Editorial: Return to pre-pandemic public meeting rules? Yes — and no

A man in a face mask leans over a podium to speak into a mic
Activist Jason Reedy speaks during the Los Angeles City Council meeting at City Hall on May 4. The public was allowed inside City Hall for the second time since it was shut down in March 2020 due to the COVID-19 pandemic.
(Francine Orr / Los Angeles Times)

The government bodies that cut off public attendance at meetings two years ago because of the COVID-19 emergency made up for it with up better-than-ever remote access — by Zoom, Teams, telephone or other technology. But some now want to ditch pandemic-era electronic access, traditional in-person access or both.

For example, on May 4 the Los Angeles City Council welcomed the public back to City Hall for the second time since March 2020. That was good news, because a public body doing the public’s business should allow the public to see it, and speak with it, face to face.

But as it reopened its doors, the council hung up the phone on public comment.


Why not open to the public in person and take public calls? It’s like the quip about not being able to walk and chew gum at the same time. Doing both things really isn’t much of a challenge.

The pandemic forced government bodies to open meetings to electronic remote access, allowing the public to participate from home. That’s a good thing, and a new bill would require it to keep going after the emergency is over.

The pandemic telephone access gave a meaningful chance to participate to constituents with impaired mobility who rarely if ever had a chance to “attend” a City Council meeting, as well as to those living in Wilmington or West Hills or some other neighborhood a long and difficult car or multiple-bus trip away. There’s no good reason to cut them off now, except that council members presumably don’t think they can handle being addressed both in person and by phone.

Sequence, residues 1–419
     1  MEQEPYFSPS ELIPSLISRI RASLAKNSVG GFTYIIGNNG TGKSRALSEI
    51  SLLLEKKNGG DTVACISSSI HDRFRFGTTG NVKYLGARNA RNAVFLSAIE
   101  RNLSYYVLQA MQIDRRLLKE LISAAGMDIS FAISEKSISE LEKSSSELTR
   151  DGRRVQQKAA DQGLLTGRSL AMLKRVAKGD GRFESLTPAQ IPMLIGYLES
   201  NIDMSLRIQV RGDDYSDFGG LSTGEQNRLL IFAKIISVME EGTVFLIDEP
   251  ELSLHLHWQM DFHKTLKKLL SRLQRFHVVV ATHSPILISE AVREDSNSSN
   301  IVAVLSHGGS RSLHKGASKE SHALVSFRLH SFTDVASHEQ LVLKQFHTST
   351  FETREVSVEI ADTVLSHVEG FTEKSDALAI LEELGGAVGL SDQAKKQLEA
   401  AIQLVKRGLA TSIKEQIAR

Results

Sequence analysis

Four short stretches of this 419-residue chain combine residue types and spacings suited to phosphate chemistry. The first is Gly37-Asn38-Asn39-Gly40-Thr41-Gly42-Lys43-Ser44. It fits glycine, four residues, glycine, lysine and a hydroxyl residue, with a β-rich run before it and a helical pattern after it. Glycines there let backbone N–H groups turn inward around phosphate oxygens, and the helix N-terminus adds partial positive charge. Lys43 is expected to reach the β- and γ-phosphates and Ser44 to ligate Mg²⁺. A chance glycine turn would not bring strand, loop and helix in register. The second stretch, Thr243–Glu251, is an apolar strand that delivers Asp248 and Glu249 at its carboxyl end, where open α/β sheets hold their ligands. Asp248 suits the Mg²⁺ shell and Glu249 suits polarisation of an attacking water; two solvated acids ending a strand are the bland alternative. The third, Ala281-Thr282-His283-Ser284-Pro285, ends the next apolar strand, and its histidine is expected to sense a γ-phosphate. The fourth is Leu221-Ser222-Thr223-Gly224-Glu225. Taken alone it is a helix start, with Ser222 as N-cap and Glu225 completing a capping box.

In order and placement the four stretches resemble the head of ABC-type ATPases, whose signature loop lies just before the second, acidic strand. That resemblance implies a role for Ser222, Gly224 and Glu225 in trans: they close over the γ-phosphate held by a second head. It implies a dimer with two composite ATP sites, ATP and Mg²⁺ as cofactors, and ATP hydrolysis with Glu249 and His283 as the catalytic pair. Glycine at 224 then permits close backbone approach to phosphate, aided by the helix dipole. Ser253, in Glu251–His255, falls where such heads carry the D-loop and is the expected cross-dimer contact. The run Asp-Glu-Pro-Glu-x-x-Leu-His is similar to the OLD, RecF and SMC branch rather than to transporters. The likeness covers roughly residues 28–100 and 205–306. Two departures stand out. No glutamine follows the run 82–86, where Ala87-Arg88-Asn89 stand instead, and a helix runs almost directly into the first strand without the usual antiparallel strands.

Of course they can. Or, if they can’t, they should remember that there’s an election in progress and that voters might prefer candidates who will listen to them.

Meanwhile, some state lawmakers have come up with a plan that is quite different but at least as bad — allowing elected officials and appointees (rather than members of the public) to choose to only participate electronically.

Under AB 1944 and AB 2449, state and local elected and appointed officials would be able to call in from secret locations such as, say, an exclusive club, the corner bar or a big donor’s private estate, instead of sitting among their colleagues in a public place. They could just phone it in, without ever making themselves available to their constituents face to face.

The pandemic has forced many government agencies to be more accessible to the public. Yet the Assembly lets some committees block public comment by phone.

This would be a shocking departure from open meeting laws on the books since the middle of the last century that have guaranteed the public’s right to be in the same room as their government officials. It would entail carving out an exception to the state’s Brown Act, which requires local governments to meet publicly.

The bills are an outgrowth of an emergency order that was entirely appropriate when Gov. Gavin Newsom signed it two years ago, at a time when council members and other officials had to participate in their proceedings while sitting at their kitchen tables and sheltering themselves from COVID.

An early version of the order would have required them to publish their addresses, to allow members of the public to still see them conduct their meetings in person, but Newsom quickly scrapped that part so officials wouldn’t be forced to make their private homes into public meeting halls.

But the bills would now make secret meeting locations permanent by permitting any elected official to stop attending meetings in person if approved by the board or council, even without a declared health and safety emergency. That kind of separation of officials from the people they serve is unacceptable.

Los Angeles County supervisors seem to enjoy their low-tech world where the coronavirus emergency is an excuse to keep the public quiet.

Perhaps there could be a very few carefully drafted exceptions. In the same way that constituents with limited mobility couldn’t previously participate in public meetings before phone or remote video access became available, would-be officials who have the same limitations might be shut out of serving unless they are allowed to call in. Any legislation could be written to accommodate them without making secret meeting locations the norm for officials who shouldn’t be shielded from view.

The goal should be more and better public access to and participation in government decision-making. The pandemic has shown California lawmakers what the rest of the world already knew — that technology can easily and affordably enhance openness and transparency. Any new government meetings law should make these forms of access permanent.

But AB 1944 and AB 2449 as currently written would allow technology to be used to widen the separation between the people and their representatives. For that reason, they should be rejected.